Friday, March 8, 2024

Kirtland temple and the Book of Mormon

With all the attention on the Kirtland temple, there will probably be lots of visitors there this summer. 

Some of us think Kirtland is a solid candidate for "the temple which was in the land Bountiful." (3 Nephi 11:1) This is the last temple mentioned in the Book of Mormon.

Except for what the Lord told people at that site: "Thus said the Father unto Malachi—Behold, I will send my messenger, and he shall prepare the way before me, and the Lord whom ye seek shall suddenly come to his temple, even the messenger of the covenant, whom ye delight in; behold, he shall come, saith the Lord of Hosts." (3 Nephi 24:1)

D&C 109 is the dedicatory prayer for the Kirtland temple.

D&C 110 is the fulfillment of the Lord suddenly coming to the temple, followed by the messengers of the covenants. Verse 14 even says, "Behold, the time has fully come, which was spoken of by the mouth of Malachi." (Doctrine and Covenants 110:14)

That would be the topic of a much longer post, but to summarize, Ohio is within the land Bountiful in the Heartland model, and Kirtland fits as a site for the temple in 3 Nephi.

We can see from D&C 110:14 that the Kirtland temple was the fulfillment of Malachi's prophecy. It makes sense that the Lord would teach that prophecy to the Nephites at the very location where it would be fulfilled.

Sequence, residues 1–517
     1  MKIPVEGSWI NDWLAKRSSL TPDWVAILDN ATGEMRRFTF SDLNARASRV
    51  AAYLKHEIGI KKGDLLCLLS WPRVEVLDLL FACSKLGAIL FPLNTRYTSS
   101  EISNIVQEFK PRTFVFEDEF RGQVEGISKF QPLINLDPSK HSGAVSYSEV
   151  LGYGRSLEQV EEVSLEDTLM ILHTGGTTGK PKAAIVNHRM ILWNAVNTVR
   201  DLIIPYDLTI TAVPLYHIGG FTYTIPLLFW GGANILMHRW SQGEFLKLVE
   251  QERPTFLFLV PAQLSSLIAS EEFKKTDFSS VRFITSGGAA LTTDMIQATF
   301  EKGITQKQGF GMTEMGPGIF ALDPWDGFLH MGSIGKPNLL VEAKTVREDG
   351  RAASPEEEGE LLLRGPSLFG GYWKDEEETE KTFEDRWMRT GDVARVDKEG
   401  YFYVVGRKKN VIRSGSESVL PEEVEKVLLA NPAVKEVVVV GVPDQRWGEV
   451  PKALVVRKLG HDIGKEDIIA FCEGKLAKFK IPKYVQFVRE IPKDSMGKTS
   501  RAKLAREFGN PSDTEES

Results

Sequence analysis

Just something to think about, regardless of what you think about the various possible settings of the Book of Mormon.

If you or anyone you know is planning a trip, take some time to visit Indian Point Park which is just 14 miles northeast.

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From the parking lot, you walk west along the path to the end of the point you can see in this topographical map. Or, you can park down below on the west side and walk up the stairs to the top. If the rivers are high, you can access the upper parking lot from the east on Seeley Road.

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The historical marker explains that the walls were built around 140 BC, squarely within Book of Mormon time frames.

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I've visited similar fortifications at the convergence of rivers throughout the Midwest. Another excellent example is near Cincinnati, Ohio called Shawnee Lookout. The golf course there has a museum of excellent artifacts dating to Book of Mormon time frames. 

I've also visited numerous Book of Mormon era archaeological sites in and around Cleveland. I had thought about offering a tour during the Mormon History Association meetings in Cleveland this year, but I couldn't fit it into my schedule.

Maybe one of these days I'll put together a virtual tour. The sites are quite impressive, and they're consistent with the Moroni's America framework for the setting of the Book of Mormon.

Plus, people have told me about artifacts and other things they've found in the area that they haven't reported to officials or archaeologists because the government will seize them, maybe take their property, etc.

That's a common problem, another unintended consequence of the NAGPRA Act.

A topic for another post someday...

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